Referring now to FIG. 1, there is shown a block diagram of a computer network 100, according to a preferred embodiment of the present invention. Computer network 100 is a wide area network (WAN) comprising local area network (LAN) 102 and LAN 104. LANs 102 and 104 are interconnected over WAN link 106. Router 108 of LAN 102 and router 110 of LAN 104 control the transmission of data between LANs 102 and 104 over WAN link 106. LAN 102 also includes three nodes: multicast server 110 and two multicast receivers 112 and 114. Similarly, LAN 104 includes a single node: multicast receiver 116. Multicast server 110 transmits data for a multicast presentation (e.g., comprising audio and video components) over computer network 100 for receipt and playing by multicast receivers 112, 114, and 116.
Under conventional schemes, all of the data for the multicast presentation are assigned to the same network address. A particular that wishes to join the multicast group will receive all of the data for that assigned network address. A particular receiving node may not wish to play all of the parts of the presentation. For example, the presentation may have a video stream, a corresponding French-language audio stream, and a corresponding English-language subtitle stream. The node user may not be interested in playing the subtitle stream. Alternatively, a particular receiving node may be unable to play all of the parts of the presentation. For example, the node may be unable to process the subtitle stream.
Nevertheless, under conventional schemes, all of the data for the multicast presentation are transmitted to each and every receiving node, whether or not the node wants to or even can play all of that data. This is because, under these conventional schemes, all of the data for a presentation are assigned the same network address.
Referring again to FIG. 1, assume that the multicast presentation transmitted by server 110 of LAN 102 comprises a video stream, a corresponding French-language audio stream, and a corresponding English-language subtitle stream. Assume further that the user of receiver 116 of LAN 104 understands French and does not want to play the English subtitle stream. Under conventional schemes, all of the presentation data are assigned the same network address. As a result, all of the data, including that for the subtitle stream, are transmitted by router 108 over WAN link 106 to router 110 for transmission to receiver 116. Receiver 116 will then have to determine which portion of the presentation data corresponds to the subtitle stream and then discard that data. Even though the subtitle data is not even wanted by the user of receiver 116, it is still transmitted from LAN 102 to LAN 104 over WAN link 106. This results in inefficient use of what may be limited transmission bandwidth available over WAN link 106, especially in a multicasting application with lots of audio and video data to transmit.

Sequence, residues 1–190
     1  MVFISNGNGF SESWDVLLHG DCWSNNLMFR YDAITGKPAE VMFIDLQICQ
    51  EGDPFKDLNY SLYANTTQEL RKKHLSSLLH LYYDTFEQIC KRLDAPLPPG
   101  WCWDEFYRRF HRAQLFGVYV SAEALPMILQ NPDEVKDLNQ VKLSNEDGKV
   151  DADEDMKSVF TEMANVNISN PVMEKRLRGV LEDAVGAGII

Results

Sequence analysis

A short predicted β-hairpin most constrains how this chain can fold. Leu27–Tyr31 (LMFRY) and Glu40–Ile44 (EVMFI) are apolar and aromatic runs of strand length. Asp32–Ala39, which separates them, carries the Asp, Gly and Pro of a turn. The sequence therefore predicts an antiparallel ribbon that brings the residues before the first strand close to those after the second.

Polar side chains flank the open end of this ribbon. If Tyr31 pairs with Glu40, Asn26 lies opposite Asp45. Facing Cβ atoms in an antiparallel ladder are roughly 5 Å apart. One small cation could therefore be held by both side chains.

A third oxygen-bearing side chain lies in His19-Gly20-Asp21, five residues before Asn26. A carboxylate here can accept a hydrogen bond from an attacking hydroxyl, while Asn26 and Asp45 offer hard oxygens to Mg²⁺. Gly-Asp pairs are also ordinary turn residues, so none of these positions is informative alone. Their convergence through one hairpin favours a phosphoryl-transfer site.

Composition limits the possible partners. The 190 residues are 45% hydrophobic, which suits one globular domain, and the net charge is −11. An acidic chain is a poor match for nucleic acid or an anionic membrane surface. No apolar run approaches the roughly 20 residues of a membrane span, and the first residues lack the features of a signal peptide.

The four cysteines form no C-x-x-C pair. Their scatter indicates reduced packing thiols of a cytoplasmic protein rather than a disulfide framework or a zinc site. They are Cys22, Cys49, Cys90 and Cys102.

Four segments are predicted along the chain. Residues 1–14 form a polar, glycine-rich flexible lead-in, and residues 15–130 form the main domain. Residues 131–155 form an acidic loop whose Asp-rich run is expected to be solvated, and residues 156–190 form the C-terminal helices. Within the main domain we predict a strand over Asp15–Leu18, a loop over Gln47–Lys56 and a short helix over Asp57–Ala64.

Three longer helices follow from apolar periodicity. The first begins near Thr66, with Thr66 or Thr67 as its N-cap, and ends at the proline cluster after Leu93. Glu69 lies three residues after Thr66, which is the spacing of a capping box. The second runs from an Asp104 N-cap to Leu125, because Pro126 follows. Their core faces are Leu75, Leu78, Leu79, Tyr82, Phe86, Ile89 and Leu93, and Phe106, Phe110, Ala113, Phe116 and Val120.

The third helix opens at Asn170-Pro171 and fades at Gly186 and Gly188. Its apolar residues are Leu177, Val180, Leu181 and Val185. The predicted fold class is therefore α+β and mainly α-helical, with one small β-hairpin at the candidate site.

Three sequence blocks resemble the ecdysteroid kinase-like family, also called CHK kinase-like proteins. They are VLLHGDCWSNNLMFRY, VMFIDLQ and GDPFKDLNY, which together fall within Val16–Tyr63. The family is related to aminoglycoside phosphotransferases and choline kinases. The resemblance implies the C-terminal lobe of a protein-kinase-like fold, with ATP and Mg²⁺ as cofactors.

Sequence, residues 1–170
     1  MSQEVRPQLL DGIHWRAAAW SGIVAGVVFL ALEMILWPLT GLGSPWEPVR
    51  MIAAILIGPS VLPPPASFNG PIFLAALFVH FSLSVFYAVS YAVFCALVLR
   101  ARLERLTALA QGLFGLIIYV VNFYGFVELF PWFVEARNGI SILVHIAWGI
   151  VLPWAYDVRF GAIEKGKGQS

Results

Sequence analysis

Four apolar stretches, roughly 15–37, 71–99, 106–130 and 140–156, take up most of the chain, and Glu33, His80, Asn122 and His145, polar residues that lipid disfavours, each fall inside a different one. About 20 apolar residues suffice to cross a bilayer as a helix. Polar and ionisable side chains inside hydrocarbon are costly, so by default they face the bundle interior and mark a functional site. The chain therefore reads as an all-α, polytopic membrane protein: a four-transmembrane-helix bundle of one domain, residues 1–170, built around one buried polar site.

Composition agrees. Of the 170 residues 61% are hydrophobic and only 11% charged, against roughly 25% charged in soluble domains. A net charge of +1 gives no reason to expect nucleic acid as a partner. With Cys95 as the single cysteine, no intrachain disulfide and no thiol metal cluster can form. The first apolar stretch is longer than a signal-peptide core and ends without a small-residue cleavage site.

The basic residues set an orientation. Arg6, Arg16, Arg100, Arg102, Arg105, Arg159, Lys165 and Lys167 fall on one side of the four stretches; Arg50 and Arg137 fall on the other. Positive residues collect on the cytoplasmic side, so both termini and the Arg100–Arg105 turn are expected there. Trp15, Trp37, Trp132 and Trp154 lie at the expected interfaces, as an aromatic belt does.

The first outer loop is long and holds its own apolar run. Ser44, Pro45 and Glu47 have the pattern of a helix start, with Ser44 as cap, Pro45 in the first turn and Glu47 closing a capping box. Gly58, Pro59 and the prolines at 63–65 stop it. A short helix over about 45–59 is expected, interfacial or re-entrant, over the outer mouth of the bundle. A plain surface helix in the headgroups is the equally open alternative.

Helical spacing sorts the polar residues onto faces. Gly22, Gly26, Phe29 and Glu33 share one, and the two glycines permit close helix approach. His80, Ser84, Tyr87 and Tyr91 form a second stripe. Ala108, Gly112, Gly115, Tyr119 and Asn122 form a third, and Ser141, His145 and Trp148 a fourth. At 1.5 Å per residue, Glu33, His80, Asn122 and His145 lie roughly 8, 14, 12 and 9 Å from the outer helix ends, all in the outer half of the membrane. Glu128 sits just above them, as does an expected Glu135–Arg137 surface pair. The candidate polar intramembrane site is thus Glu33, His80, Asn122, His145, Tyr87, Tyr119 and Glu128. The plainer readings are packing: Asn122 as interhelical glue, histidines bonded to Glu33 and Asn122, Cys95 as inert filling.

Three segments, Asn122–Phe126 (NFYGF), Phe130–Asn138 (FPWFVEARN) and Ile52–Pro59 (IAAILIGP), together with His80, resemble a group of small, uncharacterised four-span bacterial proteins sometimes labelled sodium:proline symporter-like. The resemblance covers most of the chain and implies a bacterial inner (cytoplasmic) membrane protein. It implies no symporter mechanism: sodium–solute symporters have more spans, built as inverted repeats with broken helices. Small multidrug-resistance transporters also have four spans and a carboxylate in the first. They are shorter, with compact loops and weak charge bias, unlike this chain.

According to a preferred embodiment of the present invention, however, different components of a presentation are assigned different network addresses. For example, in the present example, the video component, audio component, and subtitle component of the presentation are all assigned different network addresses. Each multicast receiver that wishes to join the multicast group is free to select the set of components that it is interested in playing by selecting the corresponding network addresses and registering those selections with the network infrastructure (e.g., the routers). If receiver 116 is the only receiving node on LAN 104 for this presentation and if the user of receiver 116 does not wish to play the subtitle component of the presentation, then receiver 116 will select and register only the network addresses that correspond to the video and audio components of the presentation. Receiver 116 registers its selections with router 110, which then informs router 108 of the network addresses selected by the nodes of LAN 104. Router 108 will recognize that the network address corresponding to the subtitle component has not been selected by any node of LAN 104 and will therefore not transmit that component of the presentation over WAN link 106. As a result, the potentially limited transmission bandwidth of WAN link 106 is efficiently used for only those components of the presentation that are selected by nodes of LAN 104.